Luke Thomas: Characterize for me Tito Ortiz's strengths as you see them to be today.
Ryan Bader: One thing is just experience. He's been in there and he's been in there with the greats of MMA and he's tough. He's hard to stop. He's only been stopped by Chuck Liddell by TKO. He obviously has great ground and pound, he's good on top with his elbows, he can cut you open at any time. He's decent in stand up. He's very tight and has a great chin and he's got good wrestling. We haven't seen his wrestling too much like it was back in the day but he still has that explosiveness and he's strong and he usually has good cardio. That's what I'm looking out for and my training camp we made sure that we trained for that and we prepared for that.
Luke Thomas: In terms of MMA wrestling, not so much your collegiate pedigree or his, but in terms of MMA wrestling would you say or disagree that his wrestling is competitive with yours? Would you agree or disagree?
Ryan Bader: Yeah, it's competitive for sure. I do feel that I have the advantage to take him down more easily especially. I've been working on setting them up and disguising my takedowns a little better. But absolutely. He's strong and anytime anyone's in the clinch with him, he has great knees and elbows. He's great at mixing it up a little bit so I believe that it will be very competitive in that department.
Luke Thomas: Ryan, I know you're probably tired of talking about it but I don't get a lot of chances to speak to you so I have to ask you while I can. When you fought Jon Jones, I'm sure it was a great learning experience, any time you fight a guy of that caliber at that stage, how can it not be? And you have a great opportunity here but I gotta know, why did you pull half guard on him? That's been something I've been wracking my brain about. Far be it from me to critique, I'm just kind of curious...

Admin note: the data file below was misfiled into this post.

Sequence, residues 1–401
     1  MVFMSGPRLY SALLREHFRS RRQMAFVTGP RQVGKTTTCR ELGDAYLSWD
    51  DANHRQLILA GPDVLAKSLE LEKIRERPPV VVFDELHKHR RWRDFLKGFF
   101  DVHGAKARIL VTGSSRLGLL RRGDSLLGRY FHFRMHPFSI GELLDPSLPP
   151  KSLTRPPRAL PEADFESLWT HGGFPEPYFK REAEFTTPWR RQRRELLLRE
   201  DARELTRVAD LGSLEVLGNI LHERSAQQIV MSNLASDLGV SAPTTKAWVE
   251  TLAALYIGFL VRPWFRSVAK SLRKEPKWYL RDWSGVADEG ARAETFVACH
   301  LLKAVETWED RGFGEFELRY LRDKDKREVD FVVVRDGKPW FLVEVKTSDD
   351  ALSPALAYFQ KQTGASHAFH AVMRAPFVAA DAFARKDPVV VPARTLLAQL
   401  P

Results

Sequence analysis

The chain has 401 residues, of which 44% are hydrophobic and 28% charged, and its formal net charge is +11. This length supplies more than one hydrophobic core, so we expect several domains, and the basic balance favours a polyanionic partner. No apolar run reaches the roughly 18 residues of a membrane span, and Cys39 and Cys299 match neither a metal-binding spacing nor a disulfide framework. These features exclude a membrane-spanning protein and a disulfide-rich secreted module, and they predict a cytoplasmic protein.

Ryan Bader: Ah yeah, it was actually kind of a takedown. You kind of throw him by and catch a leg with your inside leg and you're in a single position. I did it in college wrestling a lot. But when I threw him over, he's so long, so I didn't get the reaction from his body that I was expecting. So when I threw it over, I pretty much fell to my back so it just went into half guard from there but no, I wasn't trying to pull that at all. I was trying to get a single there, kind of a throw by single, but didn't end up how I thought it would be.
Luke Thomas: Oh so that was kind of a sacrifice throw that you couldn't execute right?
Ryan Bader: Yeah, pretty much. Usually you come out at least to the side where you're in the scramble position. I do it in practice all the time and it works. But like I was saying, him being taller, I was up in his armpit and I didn't get that throw by that I was expecting I pretty much just went right to my back.
Luke Thomas: What was the biggest learning experience from that? What the biggest for you? Two weeks back into training thinking about the fight, what was the biggest takeaway for you from that bout?
Ryan Bader: You know, it was a great experience. It was a big fight with a lot of media and talk about it and it was good to go through that and have that experience. I think I'm a lot better for it. A week afterwards I wasn't myself because I felt like I didn't fight to my potential. If I went out there and I got beat fighting to what I believe is my potential then so be it, but I felt like I didn't show up. I've been through enough competition in amateur wrestling my whole life to know that sometimes you have off nights and you don't perform and chalk it up to that and move on. I used it for motivation in this training camp. Whenever I was tired, I thought back on that loss and how I never want to feel that way ever again. It pushed me to do more, do more rounds or whatever it was. I want to use that as motivation and turn around for the better.